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My Cancer Story: Brian Leahy, Engineering Manager, Advanced Technology

Author: Cormac Byrne  /  25th Mar, 2022  /  News, Responsible Business

Every year all around the globe, millions of families are affected by cancer.

Today marks Daffodil Day 2022, which provides an opportunity to come together and take something back, giving hope and raising funds so that one day cancer will take no more. Many forms of cancer have a high chance of being cured if diagnosed early and treated adequately.

Fundraising and supporting cancer research and treatment continues to be a key focus of Mercury’s CSR strategy and we will be hosting a number of initiatives throughout 2022.

Many of our employees have been impacted by this terrible disease. Our people are at the heart of everything that we do. We are so proud of them for sharing their personal stories to help create awareness and promote the importance of fundraising for cancer research.

Brian Leahy, an Engineering Manager for our Advanced Technology Business Unit, bravely shares his young daughter’s cancer story below.

Can you tell us your personal / family story with cancer?

“On 31st May 2021, Corlaith, our cute, bubbly little 4-year-old was feeling nauseous while in the creche. She vomited and was then perfectly fine, until thirty hours later when it happened again. This continued on and off for seven days; vomiting and complaining of headaches one day, running and jumping around the next. After a week, we brought her to urgent care in Connolly Hospital, Dublin, with low blood sugar levels, where she was placed on an IV and transferred to Tallaght. After three days of treating her stomach problems, and with Corlaith jumping around, showing no signs of anything wrong, a CT scan was planned as she was still having slight headaches. On Friday 11th June, we were expecting her home, having told the creche that Corlaith was fine, and that she was having one last check to get the all clear. That’s when a lesion showed up on the CT and she was transferred to Temple Street. Here we met the amazing neurosurgical team, led by Dr John Caird and saw the scan for ourselves.

“You didn’t need to be a radiographer to decipher the results. A tumor one fifth the size of her brain was visible, and they were operating on the Tuesday to take the whole thing out. The blow was physical and left us breathless. The following week the blows continue. We find out that it’s malignant and that she has a cancerous tumor called Ependymoma. They need to operate again to remove the smallest bit that’s left, and after that we’re told her best chance is proton radiotherapy in Essen, Germany.”

“While all of was going on, we were expecting our third child in four weeks’ time. We were asking ourselves how we could possibly organise and pay for a two-month trip to Germany during all of this? This is where we discovered that the most extraordinary of charities exists, not just from an economical viewpoint, but emotionally as well. John Glynn from the Gavin Glynn Foundation took care of everything, such as flights, transfers, car rentals, covid updates, accommodation and all catering. As all five of us were travelling to Germany, Corlaith, 4, Saorla, 2, and our newborn Caoimhe, we needed additional family support, so John booked flights for both our mothers to help, as well as accommodation to cater for that support.”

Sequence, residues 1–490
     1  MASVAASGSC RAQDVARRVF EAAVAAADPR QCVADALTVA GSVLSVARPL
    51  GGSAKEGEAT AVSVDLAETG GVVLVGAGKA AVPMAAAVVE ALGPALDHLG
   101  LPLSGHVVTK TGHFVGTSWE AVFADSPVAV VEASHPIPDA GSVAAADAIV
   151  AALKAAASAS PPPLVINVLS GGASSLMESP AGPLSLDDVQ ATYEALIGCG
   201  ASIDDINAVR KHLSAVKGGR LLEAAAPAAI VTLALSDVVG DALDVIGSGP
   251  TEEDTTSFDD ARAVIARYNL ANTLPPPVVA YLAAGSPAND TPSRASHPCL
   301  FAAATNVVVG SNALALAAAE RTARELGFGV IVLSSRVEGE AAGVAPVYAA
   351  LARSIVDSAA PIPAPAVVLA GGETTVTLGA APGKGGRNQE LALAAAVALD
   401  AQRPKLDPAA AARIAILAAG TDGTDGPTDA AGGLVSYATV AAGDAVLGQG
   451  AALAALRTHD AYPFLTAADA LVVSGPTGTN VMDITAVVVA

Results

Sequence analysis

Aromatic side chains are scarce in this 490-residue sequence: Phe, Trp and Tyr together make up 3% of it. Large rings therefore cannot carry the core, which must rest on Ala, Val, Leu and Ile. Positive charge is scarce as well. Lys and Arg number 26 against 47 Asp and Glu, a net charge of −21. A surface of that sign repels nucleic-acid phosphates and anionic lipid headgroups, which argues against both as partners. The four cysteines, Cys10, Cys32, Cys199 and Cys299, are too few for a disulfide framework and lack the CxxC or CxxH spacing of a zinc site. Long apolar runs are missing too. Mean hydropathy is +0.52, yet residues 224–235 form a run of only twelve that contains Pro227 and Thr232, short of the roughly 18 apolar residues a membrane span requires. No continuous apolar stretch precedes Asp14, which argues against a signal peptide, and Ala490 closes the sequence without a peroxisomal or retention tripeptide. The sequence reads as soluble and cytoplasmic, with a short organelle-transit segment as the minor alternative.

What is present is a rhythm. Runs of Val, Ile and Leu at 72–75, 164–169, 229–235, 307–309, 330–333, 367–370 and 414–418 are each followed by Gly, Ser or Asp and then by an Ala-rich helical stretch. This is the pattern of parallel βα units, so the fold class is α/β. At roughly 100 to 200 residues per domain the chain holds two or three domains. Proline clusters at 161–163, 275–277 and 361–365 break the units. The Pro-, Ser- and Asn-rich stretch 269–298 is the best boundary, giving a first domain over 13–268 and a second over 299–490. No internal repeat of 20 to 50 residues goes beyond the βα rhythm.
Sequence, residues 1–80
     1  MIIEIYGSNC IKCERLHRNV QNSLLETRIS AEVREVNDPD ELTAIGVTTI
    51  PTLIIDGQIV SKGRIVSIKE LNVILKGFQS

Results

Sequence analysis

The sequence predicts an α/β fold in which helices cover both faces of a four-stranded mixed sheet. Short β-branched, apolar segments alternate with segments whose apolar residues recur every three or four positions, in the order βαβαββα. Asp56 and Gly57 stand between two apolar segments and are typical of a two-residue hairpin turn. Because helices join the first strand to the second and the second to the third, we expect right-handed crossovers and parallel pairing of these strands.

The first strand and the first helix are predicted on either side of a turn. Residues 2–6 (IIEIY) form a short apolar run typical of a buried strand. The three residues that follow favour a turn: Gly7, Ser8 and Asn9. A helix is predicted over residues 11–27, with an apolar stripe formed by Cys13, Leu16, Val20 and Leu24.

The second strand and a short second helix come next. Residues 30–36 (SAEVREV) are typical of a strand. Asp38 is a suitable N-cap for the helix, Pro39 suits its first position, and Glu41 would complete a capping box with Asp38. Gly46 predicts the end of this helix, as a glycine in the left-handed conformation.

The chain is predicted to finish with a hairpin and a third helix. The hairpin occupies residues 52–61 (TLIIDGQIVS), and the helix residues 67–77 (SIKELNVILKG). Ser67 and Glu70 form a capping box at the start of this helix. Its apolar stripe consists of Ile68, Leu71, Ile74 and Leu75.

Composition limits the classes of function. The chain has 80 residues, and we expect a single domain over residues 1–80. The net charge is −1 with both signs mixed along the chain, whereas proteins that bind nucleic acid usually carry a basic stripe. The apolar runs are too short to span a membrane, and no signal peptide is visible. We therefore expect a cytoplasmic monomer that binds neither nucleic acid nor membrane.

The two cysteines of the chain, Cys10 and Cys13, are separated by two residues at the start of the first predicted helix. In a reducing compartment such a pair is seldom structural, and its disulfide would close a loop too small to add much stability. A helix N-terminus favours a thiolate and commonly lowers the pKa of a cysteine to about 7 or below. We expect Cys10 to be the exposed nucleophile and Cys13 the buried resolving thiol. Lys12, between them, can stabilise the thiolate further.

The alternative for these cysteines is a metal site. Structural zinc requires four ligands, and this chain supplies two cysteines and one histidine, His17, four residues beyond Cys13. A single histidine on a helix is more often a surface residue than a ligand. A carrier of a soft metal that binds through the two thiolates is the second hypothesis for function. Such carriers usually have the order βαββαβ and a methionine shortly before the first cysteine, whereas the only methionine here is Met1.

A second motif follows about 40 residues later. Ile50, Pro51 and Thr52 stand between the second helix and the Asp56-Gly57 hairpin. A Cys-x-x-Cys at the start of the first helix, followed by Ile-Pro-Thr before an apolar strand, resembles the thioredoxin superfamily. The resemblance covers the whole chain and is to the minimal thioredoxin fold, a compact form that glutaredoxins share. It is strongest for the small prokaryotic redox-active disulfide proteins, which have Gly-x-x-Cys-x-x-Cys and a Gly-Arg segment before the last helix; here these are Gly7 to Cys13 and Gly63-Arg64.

“Our third daughter, Caoimhe, was born on Friday 23rd July, six weeks to the day on from Corlaith’s tumor diagnosis. Two days later, I flew out to Essen with my mum and the two girls. Two weeks later, after securing Caoimhe’s passport, my wife flew our with her mother to join us. The treatment continued for the next two months, and we returned home in September. We made the most of our time in Germany for Corlaith and her sisters out – visiting parks and castles and other attractions so that they would all remember those memories and so that her treatment would not hold centre stage. We are now in a programme of three-monthly monitoring with MRI scans to ensure that the tumor doesn’t return.”

Tell us about the impact and change the diagnosis had on your family?

“This whole ordeal has had a huge impact and caused massive stress for my family, especially in the initial stages with all of the stresses of surgery on our little girl. We are doing well at the moment as Corlaith is doing great, but we get a bit anxious when the three-month scans come along. Thankfully we’ve had two clear scans to date, and this is keeping us going.”

Corlaith Leahy rings a bell after her treatment.

Why are you supporting the fight against cancer?

“I want to get more awareness out there so that people can understand and catch symptoms early. The more we can support and the more funding we can issue to help medical research against cancer, the better.”

What can people do to stand up to cancer and why do you feel it’s important to support fundraising and creating awareness?

“Everyone knows their own child better than any doctor. Don’t be afraid to stand your ground and ensure they get any tests that are needed to keep you and them healthy. Please support cancer fundraising. It has saved lives, and with your help it can continue to do so. Cancer will affect so many of us and our families as we go through our lives. Please give those who are affected a fighting chance.”

To donate to the Irish Cancer Society, please click here.

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